Trump, Abe differ on Kim’s missiles

Trump, Abe differ on Kim’s missiles


US President  Donald Trump has said he was not 'personally' bothered by recent short-range missile tests that North Korea conducted this month, breaking with Japanese Prime Minister Shinzo Abe, who is hosting him on four-day state visit full of pageantry.

Standing beside Trump at a news conference after the talks, Abe disagreed saying the missile tests violated UN Security Council resolutions and were 'of great regret.' Abe, who has forged a strong friendship with Trump and agrees with him on many issues, is concerned because the short-range missiles pose a threat to Japan’s security.

Despite being far from Washington, he didn’t miss the chance to lob another broadside against the former, Vice President Joe Biden, one of the Democrats seeking to challenge Trump in next year’s presidential election. North Korea’s Kim Jong Un recently criticised Biden as having a low IQ, and Trump told the world he agreed with the authoritarian leader’s assessment.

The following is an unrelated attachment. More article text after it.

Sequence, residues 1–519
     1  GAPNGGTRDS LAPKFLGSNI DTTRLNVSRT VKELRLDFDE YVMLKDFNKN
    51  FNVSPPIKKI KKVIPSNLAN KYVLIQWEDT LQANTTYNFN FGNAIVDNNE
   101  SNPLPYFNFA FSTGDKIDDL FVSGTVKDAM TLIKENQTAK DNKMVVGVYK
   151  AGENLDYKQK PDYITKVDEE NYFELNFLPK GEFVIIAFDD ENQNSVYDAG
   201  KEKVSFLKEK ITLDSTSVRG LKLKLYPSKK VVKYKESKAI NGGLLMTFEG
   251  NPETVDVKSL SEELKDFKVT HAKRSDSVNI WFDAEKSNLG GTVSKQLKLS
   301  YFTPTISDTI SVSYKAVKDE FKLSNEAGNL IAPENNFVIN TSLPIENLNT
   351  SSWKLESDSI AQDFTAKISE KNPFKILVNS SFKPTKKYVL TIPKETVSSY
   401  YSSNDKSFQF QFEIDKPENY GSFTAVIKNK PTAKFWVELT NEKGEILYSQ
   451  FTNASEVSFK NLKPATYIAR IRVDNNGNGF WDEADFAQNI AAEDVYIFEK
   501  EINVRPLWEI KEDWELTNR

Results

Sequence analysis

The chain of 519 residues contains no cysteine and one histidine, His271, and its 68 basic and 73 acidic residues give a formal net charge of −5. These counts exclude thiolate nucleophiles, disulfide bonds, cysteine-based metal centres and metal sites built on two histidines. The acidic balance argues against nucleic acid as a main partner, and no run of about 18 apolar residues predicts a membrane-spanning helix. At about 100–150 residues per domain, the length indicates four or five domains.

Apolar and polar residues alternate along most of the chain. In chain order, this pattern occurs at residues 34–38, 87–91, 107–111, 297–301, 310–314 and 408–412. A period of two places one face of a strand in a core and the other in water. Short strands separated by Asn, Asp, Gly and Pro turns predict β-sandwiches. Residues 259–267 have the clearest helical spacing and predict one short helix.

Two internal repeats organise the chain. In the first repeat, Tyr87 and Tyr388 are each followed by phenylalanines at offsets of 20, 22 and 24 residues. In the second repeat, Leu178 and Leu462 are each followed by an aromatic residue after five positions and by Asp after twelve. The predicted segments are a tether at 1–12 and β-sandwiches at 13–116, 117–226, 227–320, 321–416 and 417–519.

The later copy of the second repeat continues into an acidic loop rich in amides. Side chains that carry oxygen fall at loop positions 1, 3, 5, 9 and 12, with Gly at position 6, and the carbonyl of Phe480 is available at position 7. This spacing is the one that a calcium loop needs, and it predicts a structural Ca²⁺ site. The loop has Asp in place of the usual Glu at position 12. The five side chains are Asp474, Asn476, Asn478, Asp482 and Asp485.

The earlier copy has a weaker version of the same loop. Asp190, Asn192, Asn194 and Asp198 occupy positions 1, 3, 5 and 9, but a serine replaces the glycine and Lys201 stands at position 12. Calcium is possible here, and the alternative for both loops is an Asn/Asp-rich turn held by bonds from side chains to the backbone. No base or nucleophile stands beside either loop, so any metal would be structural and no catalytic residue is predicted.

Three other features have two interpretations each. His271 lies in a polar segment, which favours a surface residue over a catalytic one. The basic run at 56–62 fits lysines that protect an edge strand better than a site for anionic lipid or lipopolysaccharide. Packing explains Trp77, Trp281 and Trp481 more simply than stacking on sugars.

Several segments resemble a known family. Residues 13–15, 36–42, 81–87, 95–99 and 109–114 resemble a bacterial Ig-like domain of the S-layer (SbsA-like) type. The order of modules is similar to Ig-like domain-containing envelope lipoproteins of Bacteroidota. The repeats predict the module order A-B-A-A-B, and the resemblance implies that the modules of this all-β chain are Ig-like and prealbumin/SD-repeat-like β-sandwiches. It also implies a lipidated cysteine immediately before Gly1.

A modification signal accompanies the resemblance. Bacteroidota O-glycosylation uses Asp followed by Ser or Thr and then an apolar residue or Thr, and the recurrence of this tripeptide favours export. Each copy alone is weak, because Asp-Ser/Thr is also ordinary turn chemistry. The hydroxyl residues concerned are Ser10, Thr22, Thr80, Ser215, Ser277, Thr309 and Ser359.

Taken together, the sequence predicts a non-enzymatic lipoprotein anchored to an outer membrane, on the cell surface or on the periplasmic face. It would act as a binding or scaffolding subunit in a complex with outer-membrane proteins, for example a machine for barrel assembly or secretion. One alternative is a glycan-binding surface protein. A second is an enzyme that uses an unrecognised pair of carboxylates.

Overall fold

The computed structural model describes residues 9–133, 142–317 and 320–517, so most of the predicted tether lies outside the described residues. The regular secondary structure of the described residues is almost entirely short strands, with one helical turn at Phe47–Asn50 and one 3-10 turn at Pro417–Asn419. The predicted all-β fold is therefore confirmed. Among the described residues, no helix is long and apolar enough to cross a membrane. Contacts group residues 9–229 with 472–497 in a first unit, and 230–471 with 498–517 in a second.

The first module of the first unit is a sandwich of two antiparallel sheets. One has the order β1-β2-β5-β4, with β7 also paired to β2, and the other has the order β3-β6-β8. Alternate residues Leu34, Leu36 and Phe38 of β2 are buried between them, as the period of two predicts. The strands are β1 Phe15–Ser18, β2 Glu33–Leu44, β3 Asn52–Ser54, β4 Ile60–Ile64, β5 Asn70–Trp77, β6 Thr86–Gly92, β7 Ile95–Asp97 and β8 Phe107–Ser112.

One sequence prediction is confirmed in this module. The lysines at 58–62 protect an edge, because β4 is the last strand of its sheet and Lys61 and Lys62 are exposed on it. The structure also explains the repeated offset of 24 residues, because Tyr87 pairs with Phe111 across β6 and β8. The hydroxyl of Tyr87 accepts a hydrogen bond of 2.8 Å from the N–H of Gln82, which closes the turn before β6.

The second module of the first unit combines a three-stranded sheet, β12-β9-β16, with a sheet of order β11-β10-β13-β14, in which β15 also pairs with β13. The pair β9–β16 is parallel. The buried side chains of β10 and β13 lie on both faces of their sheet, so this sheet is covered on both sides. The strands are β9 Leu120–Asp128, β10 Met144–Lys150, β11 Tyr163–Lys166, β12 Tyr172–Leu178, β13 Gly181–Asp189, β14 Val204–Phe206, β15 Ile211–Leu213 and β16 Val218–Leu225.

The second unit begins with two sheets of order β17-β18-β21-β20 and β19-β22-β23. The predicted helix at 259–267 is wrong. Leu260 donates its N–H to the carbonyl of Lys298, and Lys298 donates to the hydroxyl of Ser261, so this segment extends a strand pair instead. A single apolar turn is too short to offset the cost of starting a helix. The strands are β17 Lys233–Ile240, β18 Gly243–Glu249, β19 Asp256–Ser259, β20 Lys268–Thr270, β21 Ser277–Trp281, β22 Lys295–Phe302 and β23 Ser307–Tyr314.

The visit was designed to highlight the US-Japan alliance and showcase the warm relations between the leaders.  Trump said he and Abe deliberated over economic issues, including trade and Iran, during hours of talks at the Akasaka Palace, but North Korea’s recent firing of short-range missiles emerged as an area of disagreement.

When asked if he was bothered by the missile tests, Trump said: “No, I’m not. I am personally not.” He has sought to downplay the significance of the tests, even though his own national security adviser, John Bolton, has said they violated UN resolutions. Trump continues to hold out hope of getting Kim to agree to give up his nuclear weapons and ballistic missiles, despite two summits he’s had with him that produced no concrete pledge to denuclearise the peninsula.

The US President got the red carpet treatment  at Japan’s Imperial Palace where he made history, becoming the first world leader to meet with the new emperor of Japan. Emperor Naruhito ascended to the throne on May 1, opening what is called the era of 'Reiwa,' or 'beautiful harmony.'